We all know this, right? In my new system, I have forgotten to activate the DVD-R’s DMA. I tried burning a DVD, and it went slow – real slow.
I have checked the DMA status:
$ hdparm /dev/hda
IO_support = 0 (default 16-bit)
unmaskirq = 1 (on)
using_dma = 0 (off)
keepsettings = 0 (off)
readonly = 0 (off)
readahead = 256 (on)
HDIO_GETGEO failed: Inappropriate ioctl for device
I have rather expected that. After a quick glance, I have activated the DMA, while the DVD was still burning, against all common sense.
# hdparm -d1 /dev/hda
setting using_dma to 1 (on)
using_dma = 1 (on)
DMA seemed to be on, and I was happy. I noticed that:
a. the burning process did not fail
b. burning speed increased dramatically
I thought I was able to pull this trick off. However, the DVD was unreadable later on, and I noticed an interesting pattern on it, as can be described only by my poor attempt to capture it in a picture:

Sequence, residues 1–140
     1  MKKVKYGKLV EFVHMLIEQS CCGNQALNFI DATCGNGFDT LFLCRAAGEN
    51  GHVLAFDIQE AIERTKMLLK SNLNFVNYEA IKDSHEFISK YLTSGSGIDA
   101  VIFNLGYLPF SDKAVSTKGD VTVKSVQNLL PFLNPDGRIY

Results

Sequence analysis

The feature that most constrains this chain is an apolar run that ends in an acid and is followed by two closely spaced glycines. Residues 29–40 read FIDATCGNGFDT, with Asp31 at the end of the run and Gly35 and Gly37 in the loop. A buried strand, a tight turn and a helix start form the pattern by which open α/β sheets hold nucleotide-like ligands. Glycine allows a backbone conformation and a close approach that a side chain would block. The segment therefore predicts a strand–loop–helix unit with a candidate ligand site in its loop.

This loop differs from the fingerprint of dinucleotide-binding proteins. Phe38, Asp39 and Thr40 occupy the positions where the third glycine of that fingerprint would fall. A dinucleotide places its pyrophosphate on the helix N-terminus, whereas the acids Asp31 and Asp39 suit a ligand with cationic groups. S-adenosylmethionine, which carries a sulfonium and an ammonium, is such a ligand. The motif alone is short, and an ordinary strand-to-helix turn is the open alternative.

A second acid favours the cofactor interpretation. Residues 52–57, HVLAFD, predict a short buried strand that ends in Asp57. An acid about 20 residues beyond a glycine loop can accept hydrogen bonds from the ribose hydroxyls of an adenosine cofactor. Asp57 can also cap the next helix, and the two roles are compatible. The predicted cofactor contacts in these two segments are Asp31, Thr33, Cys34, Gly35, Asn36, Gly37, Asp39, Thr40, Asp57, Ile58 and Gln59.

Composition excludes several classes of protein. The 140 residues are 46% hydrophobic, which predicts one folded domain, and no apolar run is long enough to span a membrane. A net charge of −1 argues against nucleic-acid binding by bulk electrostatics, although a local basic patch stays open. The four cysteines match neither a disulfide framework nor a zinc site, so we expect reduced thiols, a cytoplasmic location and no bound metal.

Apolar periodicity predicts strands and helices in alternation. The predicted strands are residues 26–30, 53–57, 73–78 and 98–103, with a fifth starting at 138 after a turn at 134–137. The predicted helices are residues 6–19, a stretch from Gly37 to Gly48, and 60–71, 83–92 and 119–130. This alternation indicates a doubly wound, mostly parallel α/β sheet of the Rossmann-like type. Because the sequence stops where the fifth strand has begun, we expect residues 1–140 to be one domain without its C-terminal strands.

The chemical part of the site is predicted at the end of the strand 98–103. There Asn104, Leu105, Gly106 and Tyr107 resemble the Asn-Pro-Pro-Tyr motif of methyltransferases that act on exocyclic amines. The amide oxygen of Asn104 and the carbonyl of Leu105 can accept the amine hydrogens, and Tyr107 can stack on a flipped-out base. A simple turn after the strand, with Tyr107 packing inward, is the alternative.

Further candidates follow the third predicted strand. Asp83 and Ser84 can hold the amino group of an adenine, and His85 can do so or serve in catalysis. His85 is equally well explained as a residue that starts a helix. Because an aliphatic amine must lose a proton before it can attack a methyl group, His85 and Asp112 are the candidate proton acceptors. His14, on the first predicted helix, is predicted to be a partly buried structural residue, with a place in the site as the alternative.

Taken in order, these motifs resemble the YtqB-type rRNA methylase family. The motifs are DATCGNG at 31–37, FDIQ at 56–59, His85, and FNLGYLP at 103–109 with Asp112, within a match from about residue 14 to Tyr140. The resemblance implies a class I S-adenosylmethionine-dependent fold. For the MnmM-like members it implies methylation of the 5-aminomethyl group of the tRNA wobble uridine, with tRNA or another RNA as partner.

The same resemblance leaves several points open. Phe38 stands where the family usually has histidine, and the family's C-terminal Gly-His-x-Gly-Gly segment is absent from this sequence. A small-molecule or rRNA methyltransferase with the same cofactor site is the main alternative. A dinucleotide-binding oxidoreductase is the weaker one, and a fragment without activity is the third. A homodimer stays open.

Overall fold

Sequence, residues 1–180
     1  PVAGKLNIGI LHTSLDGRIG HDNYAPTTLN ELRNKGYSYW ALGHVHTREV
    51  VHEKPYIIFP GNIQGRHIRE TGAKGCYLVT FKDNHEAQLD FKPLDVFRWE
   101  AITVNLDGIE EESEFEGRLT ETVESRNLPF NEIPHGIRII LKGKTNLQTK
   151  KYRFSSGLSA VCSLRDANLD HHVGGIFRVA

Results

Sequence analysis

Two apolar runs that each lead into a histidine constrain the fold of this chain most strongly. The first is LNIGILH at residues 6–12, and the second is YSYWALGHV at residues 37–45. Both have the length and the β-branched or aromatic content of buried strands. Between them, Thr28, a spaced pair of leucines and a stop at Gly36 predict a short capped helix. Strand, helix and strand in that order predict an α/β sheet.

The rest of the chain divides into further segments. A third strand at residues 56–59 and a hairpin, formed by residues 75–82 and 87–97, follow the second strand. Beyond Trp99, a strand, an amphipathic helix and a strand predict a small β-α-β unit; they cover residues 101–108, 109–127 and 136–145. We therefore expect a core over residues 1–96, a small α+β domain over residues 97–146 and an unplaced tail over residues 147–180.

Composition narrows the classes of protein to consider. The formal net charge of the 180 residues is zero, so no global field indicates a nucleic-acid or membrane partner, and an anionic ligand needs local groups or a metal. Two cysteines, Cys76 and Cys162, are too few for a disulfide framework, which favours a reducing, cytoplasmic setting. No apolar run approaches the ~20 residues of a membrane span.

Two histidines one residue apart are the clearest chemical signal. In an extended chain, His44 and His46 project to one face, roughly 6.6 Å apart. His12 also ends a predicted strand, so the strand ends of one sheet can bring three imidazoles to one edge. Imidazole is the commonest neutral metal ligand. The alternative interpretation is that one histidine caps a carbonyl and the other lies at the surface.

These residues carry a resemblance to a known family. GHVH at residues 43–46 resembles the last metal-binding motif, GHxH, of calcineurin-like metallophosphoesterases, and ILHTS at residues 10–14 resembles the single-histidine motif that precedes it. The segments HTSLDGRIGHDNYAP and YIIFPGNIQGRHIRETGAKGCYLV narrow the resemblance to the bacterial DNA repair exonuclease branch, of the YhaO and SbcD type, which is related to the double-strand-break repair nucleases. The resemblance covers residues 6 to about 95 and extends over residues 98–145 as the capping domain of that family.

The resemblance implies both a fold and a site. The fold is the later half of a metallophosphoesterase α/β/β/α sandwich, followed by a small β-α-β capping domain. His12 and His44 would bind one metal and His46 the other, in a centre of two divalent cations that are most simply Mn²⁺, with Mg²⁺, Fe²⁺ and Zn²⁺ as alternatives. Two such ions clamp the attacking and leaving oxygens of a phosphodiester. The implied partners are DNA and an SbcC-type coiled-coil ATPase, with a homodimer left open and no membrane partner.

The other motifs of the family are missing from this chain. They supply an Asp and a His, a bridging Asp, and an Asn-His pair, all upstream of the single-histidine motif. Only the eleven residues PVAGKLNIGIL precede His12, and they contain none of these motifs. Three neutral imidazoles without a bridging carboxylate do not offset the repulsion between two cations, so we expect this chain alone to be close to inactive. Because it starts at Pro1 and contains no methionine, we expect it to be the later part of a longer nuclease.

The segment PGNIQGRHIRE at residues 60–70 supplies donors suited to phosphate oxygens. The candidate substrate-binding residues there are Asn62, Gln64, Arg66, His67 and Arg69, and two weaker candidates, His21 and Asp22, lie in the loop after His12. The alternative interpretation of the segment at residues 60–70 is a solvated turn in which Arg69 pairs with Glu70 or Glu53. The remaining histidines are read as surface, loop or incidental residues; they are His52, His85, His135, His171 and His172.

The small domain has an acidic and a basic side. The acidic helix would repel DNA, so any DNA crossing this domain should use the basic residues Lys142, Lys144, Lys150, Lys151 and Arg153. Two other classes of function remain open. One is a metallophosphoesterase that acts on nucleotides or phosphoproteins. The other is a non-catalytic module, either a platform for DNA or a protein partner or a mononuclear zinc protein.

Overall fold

Notice the “layers”. You can see the transparent plastic (and my own hand holding the DVD) and the black no-data layer (seems green from here, but it is black), and then the regular marks of burned CD, and about one third of the way (sector-wise, it is about fifth or sixth of the way) a change in the pattern of the marks. This goes until the last circle of unburned CD.
Check out this other attempt to capture the texture:
Here the change in the texture is very visible.
A note – this is not a rewritable DVD, and the whole operation went in one go.